The smell of freshly-fried doughnuts wafted dreamily through the empty halls; the platter was full and the kitchen clean once again. As time passed, Cabanela slouched moodily from one side of the small sitting room to the other, circumnavigating the settee where Kamila sat pretending to read a, presumably dull, book, judging from the way she sighed and fidgeted every few minutes.
At last Kamila threw down the offending novel and looked up. “Don’t you think we should check on them?” She wrung her hands, then stood up with a decisive snap, looking toward the door. “It’s getting so late and they both must be hungry…”
Cabanela started, thrown off his mental track by her words. He grinned, though his eyes were still too-shadowed and inscrutable, and said, “Of cooourse, baby, you’re so right. Those things are gonna be cold ’n’ greasy if they don’t get in here.” He danced to the door and gestured her through with a flourish. “After you.”
She grinned back at him and went to the door, but looked back a little uncertainly. “Should we take them with us?”
Cabanela waved this off. “They need to get up and ooout of that dreary old bedroom and back to the airship with us. We’ll take ‘em to go when we’re leavin’.” A beat, as he appeared to rethink a bit, and went back to grab one. “Just one, so they know what they’re missin’. Waaarm, soft doughnuts, nothing like ‘em.”
“Good idea.” Kamila turned to the door again and peered out. The evening had darkened the castle’s halls to stygian gloom and it was probably even colder inside than outside. The air was still and dead, as it had been within the Vanguard’s resting place. It made them both jumpy, thinking of what they had experienced there.
The hallway to her mother’s rooms was not a long one; it should only have been a mere few steps, but it felt as though it stretched into infinite darkness. Kamila drew closer to Cabanela. He looked down in surprise as she slipped her hand into his.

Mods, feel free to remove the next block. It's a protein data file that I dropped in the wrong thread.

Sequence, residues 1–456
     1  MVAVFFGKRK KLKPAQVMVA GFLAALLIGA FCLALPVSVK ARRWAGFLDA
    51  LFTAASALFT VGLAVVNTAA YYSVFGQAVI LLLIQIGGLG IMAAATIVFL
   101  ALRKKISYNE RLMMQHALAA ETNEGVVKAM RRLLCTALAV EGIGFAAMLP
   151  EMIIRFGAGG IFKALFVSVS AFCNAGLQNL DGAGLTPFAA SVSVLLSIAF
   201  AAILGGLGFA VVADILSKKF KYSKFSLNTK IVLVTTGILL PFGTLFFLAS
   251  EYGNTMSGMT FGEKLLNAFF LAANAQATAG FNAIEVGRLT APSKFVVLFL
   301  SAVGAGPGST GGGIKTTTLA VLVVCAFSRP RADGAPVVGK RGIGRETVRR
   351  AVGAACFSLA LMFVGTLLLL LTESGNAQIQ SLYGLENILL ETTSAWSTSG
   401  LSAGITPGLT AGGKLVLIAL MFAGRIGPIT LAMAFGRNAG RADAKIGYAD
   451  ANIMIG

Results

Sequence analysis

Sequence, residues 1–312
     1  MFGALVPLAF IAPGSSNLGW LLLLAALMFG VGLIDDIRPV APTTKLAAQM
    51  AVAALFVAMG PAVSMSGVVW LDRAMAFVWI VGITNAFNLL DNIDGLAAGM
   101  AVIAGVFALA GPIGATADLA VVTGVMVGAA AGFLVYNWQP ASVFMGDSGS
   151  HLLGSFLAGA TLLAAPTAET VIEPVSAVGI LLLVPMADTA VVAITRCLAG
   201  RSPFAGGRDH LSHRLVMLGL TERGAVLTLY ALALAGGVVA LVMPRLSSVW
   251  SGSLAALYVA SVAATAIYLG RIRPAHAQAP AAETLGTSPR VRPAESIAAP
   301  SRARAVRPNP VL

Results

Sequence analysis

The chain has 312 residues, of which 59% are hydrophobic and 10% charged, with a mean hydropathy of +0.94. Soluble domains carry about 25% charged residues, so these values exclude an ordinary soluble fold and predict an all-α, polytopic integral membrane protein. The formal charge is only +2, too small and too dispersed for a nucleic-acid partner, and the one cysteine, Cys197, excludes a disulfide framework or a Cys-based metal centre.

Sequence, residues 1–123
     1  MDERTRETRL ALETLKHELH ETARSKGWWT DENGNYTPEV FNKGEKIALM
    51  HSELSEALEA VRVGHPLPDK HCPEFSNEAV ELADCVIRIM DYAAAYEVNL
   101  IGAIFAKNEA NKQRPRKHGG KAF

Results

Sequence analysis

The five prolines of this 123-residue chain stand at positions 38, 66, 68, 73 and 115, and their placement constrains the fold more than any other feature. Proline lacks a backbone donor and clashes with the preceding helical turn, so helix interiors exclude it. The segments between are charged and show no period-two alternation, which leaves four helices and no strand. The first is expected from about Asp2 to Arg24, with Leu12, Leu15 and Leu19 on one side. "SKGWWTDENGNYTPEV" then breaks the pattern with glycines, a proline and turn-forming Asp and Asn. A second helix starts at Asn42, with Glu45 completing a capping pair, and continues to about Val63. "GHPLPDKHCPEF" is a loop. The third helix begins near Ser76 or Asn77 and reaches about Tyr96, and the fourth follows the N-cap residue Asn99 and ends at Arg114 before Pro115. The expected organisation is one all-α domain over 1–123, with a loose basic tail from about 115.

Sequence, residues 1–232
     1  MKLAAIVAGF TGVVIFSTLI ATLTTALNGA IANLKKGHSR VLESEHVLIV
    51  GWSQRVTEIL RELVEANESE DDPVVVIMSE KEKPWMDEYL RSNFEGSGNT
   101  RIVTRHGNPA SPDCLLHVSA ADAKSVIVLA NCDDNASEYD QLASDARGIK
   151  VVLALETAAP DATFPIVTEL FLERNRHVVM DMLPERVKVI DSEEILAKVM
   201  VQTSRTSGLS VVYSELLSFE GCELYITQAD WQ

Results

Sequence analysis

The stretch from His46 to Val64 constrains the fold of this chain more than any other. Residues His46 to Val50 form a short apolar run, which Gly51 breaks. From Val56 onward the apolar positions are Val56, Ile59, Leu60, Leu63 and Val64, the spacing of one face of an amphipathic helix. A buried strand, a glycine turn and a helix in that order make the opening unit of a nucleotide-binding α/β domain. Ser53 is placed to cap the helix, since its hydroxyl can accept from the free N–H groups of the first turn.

“You okay, there, baby?”
“Uncle Cabanela…” Kamila sighed. It was too adult a sound to come out of such a young woman, and yet she breathed the weight of the shattered world into that simple exhale. “I know you said—well, back in Figaro. You promised, so tell me the truth: Will it get better?”
“Of cooourse it will.” Cabanela kept his back straight, his face heroically turned into the dark hall. “I promised both you and your father so it’s gonna happen.”
“No matter the cost?” Kamila’s voice sounded a little strange, and Cabanela didn’t hesitate in his answer.
“No maaatter the cost.”
She gripped his hand hard, hard enough for him to make a face that she didn’t see in the darkness. “Some costs are too high. You know that, right?” She tugged at him, made him stop and turn to her. She pointed at him, making her meaning plain as she poked him in his skinny chest. “Right?”
He looked down at her, a warm, real smile beginning on his face, but her words hit him and he was silent for a long pause before he answered, “Quiiite the haggler, little lady.”
She rolled her eyes. “You’re just like Papa sometimes.”
“Oof, a hit.” Cabanela began walking again, snapping his fingers to create a ball of sparks to light the dark hallway. “And after I maaade you doughnuts and everything.”
“She’s not wrong,” Phantom said, and Kamila smiled, surprised to hear the normally-taciturn Esper take her side.